The best path forward would be to live and work in a “Blueprint” world of a more stable energy system and a more sustainable environment. This future offers a better pathway to provide enough energy for economic growth while managing greenhouse gas emissions.
I see three key areas where our industry can play a positive role in promoting a gradual energy transformation:
First, we need to supply sufficient amounts of affordable oil and gas to meet the world’s growing energy needs. The days of ‘easy oil and gas’ are over. Although there are still huge reserves in the Middle East and possibly Russia, the western Integrated Oil Companies (IOCs) have little or no access to those reserves. The IOCs will focus in the coming decades on the very high-tech, difficult reserves that can be found in the Arctic and ultra deep water as well as the technically challenging shale oil and ultra heavy oils found in the Canadian oil sands. Gas will become more dominant and technologies to liquefy gas through cooling (LNG) or by chemically turning gas into diesel (Gas-to-liquid) will require massive investments for the years to come (Shell will invest in excess of $30bn in 2009, and Exxon will do similar).
Secondly, we need to reduce the CO2 intensity of fossil fuels. The International Energy Authority believes that in the period to 2030 the growth in CO2 emissions from coal fired power generation in just three countries – China, India and the US – will be double the growth in emissions from all the transport worldwide. So the first priority should be to deploy CCS in the power sector, especially coal-fired power. In the transport sector, where we can’t capture CO2 from billions of exhaust pipes, the challenge is to reduce the CO2-intensity on a ‘wells-to-wheels’ basis: We can make big gains by mixing in sustainable bio-fuels, building lighter-weight vehicles, and developing more efficient engines. In the longer term, we can add CCS to hydrocarbon fuel production to bring down well-to-wheel emissions even further.
Cumulatively, these measures will allow liquid transportation fuels to compete with vehicle electrification for a long time to come, especially since electric mobility will depend for many years on coal and other non-renewable resources. The world’s vehicle fleet will more than double between now and 2050. With a billion new vehicles on the world’s roads there will be room and need for diverse energy sources for transportation. The oil industry may play a role in delivering more sustainable electricity, including through natural gas, the cleanest burning fossil fuel, and through CCS.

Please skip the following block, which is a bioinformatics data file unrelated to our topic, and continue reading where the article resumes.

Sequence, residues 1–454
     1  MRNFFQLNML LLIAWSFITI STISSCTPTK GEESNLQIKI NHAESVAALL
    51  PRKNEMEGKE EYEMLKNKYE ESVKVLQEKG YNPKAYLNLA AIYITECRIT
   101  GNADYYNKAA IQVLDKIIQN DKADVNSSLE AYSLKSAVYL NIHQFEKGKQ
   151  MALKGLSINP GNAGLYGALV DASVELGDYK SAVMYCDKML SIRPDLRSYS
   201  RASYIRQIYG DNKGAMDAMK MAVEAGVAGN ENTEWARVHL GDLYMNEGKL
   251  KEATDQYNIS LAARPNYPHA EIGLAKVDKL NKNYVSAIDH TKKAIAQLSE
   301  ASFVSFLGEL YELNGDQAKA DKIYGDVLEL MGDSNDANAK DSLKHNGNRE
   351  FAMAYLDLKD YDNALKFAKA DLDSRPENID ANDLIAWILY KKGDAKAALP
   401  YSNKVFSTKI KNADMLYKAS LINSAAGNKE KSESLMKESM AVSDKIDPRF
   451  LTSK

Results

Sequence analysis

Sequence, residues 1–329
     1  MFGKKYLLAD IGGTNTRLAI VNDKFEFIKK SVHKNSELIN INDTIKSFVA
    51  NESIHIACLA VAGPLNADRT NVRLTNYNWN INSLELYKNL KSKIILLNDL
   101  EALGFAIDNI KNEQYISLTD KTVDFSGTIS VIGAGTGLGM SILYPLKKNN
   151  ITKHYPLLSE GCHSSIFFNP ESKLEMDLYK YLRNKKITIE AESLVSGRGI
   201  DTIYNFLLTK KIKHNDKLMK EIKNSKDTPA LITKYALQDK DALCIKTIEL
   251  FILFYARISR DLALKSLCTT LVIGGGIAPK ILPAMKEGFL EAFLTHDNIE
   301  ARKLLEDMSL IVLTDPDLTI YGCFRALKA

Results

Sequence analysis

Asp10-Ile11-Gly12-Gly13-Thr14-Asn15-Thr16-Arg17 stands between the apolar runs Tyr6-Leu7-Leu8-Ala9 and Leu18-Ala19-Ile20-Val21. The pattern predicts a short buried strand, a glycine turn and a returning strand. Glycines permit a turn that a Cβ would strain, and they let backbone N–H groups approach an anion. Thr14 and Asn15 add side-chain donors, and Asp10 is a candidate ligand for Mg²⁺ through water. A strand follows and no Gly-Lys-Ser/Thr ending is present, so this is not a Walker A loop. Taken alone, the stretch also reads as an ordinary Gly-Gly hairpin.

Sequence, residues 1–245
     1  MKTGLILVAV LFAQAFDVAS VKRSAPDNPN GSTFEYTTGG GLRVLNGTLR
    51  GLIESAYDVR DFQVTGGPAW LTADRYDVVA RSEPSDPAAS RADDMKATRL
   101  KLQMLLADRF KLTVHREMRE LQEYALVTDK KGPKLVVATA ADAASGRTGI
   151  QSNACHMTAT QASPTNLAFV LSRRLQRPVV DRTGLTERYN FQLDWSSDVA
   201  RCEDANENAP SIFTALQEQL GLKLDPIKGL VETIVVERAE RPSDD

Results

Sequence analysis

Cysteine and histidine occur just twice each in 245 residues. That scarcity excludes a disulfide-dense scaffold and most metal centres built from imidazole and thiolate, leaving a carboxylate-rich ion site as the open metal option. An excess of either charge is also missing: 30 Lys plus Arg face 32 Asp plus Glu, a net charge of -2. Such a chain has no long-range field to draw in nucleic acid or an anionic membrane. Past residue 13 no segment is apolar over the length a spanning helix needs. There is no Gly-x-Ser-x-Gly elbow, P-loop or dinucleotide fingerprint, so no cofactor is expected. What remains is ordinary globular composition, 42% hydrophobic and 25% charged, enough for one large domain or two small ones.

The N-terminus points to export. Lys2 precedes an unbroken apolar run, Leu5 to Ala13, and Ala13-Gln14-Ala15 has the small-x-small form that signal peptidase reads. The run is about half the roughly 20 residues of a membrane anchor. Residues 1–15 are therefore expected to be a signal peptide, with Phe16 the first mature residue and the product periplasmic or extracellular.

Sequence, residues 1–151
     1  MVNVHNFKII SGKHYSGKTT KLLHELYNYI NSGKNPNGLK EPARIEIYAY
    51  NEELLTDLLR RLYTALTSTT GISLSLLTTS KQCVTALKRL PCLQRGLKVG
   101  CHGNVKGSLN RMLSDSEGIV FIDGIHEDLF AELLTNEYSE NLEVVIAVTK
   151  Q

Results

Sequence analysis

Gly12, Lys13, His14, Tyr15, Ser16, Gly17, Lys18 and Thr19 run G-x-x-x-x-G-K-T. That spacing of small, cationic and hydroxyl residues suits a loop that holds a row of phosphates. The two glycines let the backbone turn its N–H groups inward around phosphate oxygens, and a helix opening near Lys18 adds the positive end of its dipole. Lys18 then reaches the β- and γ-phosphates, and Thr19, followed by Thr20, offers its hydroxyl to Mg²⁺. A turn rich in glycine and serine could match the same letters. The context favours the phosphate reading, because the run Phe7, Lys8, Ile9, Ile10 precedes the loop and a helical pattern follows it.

Thirdly, we can help the world to increase the share of non-fossil fuels: Most oil and gas companies are developing new areas of expertise outside of hydrocarbons. Shell has serious involvement in wind, has proprietary thin-film solar technology, and is a leading player in bio-fuels. For the next few years, for Shell it’s in bio-fuels where we will concentrate our additional efforts. Bio-fuels are a natural fit with Shell’s downstream capabilities in transport fuel, and, provided they are sourced sustainably, they can make a huge impact in reducing CO2 emissions from transport. Other IOCs, such as Chevron, will choose to focus on a mix of alternatives varying from solar to wind.
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The problems the world is facing around energy in the decades to come can only be solved by global cooperation at an unprecedented scale. Massive investments are required in increased efficiency in using energy and in solving the Global warming issue. The Blueprints scenario will be realized only if policymakers agree on a global approach to emissions trading and actively promote energy efficiency and new technology in four sectors: heat and power generation, industry, transport, and buildings. It is critical that the Copenhagen summit in December must deliver a credible post-2012 climate regime. Time is short and we must move fast and with the same ingenuity and persistence that put humans on the moon and created the digital age. For instance we will need to develop Carbon Capture and Storage on a large scale. The Blueprints scenarios assumes that CO2 is captured at 90% of all coal- and gas-fired power plants in developed countries by 2050, plus at least 50% of those in non-OECD countries. It is a big assumption; today, none capture CO2. Because CO2 capture and storage adds costs and yields no revenues, government support is needed to make it happen quickly on a scale large enough to affect global emissions. At the very least, companies should earn carbon credits for the CO2 they capture and store.